I’m getting a decent amount of water seepage through my neck seal on my soul. I’ve had it for three seasons now and have ruled out sweat, bad seal, poor fit. I use the suit to remove our dock and don’t experience any wetness but this requires much less movement than kiteboarding. The only reason I can come up with is moving my head back and forth. Does anyone else experience this and is there a way to eliminate or lessen it? I like the suit and still prefer it to a wetsuit even with the seepage just find it annoying.
Last edited by ralu81 on Sat Oct 06, 2018 3:47 pm, edited 1 time in total.
Do you burp the suit before the session?
Do you go in big swell?
Mine never gave me much leakage through the neck seal in 3 years, even after it ripped completely and I patched it with electric tape and aquaseal,,
It gives me a bit of irritation but I can't say I get much water, although I tried to be more careful after the rip occurred. I am getting a new one this season.
What I noticed, after some extensive usage the Soul starts to leak through the seams.
It's an easy test and fix: turn it inside out, patch the seals with poland spring water bottles or tennis balls and fill it with water through neck seal.. Note where it leaks and patch with aquaseal from inside.
Also wearing neoprene hoodie on to helps too in bigger swell..
My Soul has good fit on seals and is in perfect condition. When I'm doing more jumping and higher impact fallings during session, all seals leak some water in.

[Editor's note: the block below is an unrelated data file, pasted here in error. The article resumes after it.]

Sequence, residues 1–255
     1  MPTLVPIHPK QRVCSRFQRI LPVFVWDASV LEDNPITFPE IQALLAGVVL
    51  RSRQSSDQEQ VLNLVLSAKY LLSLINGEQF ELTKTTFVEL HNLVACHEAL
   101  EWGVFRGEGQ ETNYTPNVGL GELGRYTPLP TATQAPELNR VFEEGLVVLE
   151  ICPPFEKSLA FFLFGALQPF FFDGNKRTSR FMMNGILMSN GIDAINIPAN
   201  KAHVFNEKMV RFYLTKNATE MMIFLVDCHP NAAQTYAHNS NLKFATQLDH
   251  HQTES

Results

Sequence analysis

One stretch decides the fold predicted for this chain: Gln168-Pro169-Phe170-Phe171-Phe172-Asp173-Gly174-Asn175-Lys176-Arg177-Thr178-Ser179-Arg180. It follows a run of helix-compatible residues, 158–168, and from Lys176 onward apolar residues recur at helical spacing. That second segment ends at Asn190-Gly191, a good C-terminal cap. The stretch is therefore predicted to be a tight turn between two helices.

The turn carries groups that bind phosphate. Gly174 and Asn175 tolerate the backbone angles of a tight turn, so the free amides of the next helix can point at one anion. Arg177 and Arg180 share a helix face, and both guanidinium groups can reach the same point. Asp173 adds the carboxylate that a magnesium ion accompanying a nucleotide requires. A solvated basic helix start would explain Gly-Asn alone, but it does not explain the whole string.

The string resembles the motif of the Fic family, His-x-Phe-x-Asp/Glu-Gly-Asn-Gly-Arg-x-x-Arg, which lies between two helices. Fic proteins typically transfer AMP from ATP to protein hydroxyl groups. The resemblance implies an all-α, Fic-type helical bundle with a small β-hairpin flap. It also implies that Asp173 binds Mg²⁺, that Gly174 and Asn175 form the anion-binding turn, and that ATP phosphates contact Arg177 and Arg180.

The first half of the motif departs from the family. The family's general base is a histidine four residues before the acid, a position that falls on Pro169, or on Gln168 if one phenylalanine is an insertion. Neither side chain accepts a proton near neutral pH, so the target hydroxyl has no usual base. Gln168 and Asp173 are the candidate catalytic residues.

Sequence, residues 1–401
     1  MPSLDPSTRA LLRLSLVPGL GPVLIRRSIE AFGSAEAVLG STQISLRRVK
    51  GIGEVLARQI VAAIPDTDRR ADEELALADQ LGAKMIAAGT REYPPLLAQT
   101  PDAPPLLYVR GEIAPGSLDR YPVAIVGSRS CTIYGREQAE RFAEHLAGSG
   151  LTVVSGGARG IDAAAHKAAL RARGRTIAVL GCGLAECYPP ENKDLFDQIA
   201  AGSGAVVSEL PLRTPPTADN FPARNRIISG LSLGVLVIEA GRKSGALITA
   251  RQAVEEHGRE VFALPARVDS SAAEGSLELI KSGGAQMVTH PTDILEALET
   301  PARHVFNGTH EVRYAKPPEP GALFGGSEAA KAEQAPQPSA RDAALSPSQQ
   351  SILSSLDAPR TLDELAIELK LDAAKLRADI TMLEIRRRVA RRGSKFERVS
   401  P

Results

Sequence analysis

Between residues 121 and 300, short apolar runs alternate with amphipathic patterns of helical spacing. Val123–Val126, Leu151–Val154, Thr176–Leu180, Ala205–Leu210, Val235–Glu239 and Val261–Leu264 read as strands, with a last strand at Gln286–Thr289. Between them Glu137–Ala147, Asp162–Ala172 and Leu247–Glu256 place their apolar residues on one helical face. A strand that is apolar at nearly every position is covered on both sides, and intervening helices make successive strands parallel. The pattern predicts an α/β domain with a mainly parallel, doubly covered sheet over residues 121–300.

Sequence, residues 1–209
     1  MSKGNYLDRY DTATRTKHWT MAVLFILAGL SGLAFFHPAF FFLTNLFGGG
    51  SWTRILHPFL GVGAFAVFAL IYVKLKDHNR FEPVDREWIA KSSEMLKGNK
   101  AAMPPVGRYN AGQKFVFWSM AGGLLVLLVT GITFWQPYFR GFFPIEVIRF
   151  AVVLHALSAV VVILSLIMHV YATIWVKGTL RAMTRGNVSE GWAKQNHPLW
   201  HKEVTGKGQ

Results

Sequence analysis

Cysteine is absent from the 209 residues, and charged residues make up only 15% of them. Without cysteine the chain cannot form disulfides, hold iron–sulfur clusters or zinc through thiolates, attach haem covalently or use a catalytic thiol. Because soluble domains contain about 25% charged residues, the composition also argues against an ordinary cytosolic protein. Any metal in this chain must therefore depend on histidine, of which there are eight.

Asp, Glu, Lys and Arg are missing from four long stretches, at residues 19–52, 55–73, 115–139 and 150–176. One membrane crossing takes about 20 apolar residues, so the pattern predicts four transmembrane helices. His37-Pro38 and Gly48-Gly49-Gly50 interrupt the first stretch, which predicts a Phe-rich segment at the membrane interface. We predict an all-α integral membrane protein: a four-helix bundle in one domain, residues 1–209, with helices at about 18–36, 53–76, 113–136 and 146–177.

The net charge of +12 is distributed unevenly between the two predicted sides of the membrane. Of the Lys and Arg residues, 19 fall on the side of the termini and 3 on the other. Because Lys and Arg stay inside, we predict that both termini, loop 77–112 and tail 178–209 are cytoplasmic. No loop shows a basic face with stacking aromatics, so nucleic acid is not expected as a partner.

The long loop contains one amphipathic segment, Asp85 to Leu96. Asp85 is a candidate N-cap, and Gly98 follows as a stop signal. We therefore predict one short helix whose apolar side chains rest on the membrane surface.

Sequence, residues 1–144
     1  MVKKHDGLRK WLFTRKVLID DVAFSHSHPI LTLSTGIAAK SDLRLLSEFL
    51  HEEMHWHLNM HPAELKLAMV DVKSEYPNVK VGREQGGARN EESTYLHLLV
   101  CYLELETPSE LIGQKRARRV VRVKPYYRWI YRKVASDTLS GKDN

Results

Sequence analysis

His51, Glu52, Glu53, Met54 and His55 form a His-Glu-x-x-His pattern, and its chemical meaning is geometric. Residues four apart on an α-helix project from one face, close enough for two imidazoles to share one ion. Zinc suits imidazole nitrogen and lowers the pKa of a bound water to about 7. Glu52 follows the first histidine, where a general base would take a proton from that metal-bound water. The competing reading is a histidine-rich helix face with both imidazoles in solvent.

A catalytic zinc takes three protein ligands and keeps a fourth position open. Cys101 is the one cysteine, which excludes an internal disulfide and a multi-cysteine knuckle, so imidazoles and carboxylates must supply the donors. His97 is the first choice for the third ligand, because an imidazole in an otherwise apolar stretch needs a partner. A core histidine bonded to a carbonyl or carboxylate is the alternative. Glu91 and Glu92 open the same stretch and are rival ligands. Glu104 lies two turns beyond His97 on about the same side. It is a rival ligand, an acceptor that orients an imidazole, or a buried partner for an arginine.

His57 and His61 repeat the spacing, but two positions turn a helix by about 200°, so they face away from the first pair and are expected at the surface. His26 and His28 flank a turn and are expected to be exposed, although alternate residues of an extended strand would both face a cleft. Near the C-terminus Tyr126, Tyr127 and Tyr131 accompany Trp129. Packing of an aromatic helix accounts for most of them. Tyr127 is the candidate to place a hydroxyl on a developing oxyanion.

I have thought that is something I just have to accept. Merino wool undies mitigate the issue.
Comparing to my diving drysuit - it has very similar seals, maybe even less tight, and they don't leak. Diving has so much less motion and no impacts, so I'd say that is the issue here.
But if there is some trick to fix Soul seal leaks, I'm all ears.
Drysuit seal fit / tightness is a trade-off between comfort and keeping the water out.
A loose/comfortable seal will seal against your skin and keep the water out if, when entering the water, that seal goes in first. However if the seal is the last point to enter the water, the air that is inside your suit will be forced up and open or “burp” the seal as it goes underwater. During the burp, as the air rushes out, a trickle of water will come in.
The tighter the seal, the better is will resist burping and the less trickles of water in during wipe-outs.
And because the suits are breathable, you will always have air coming into the suit. Keep the amount of air inside your suit at a minimum by venting excess air out the neck seal every 10 – 15 minutes just before water-starting.
As seals age, they become more flexible, so they don't seal as tightly as they did when new. If the seals weren't tight enough when the suit was new, having them replaced with the next size smaller seal is also an option. On the neck seals, there are 5 different sizes of seals used in the Ocean Rodeo drysuits, 3 sizes of wrists, and 3 ankle seal sizes.
Thanks for the tips... I’ll report back after my next session to see if burning it more helps. I’ve experienced wetness around my wrists as well but pretty sure there’s not much that can help when you crash hard. Fortunately it’s never been a lot of water just damp.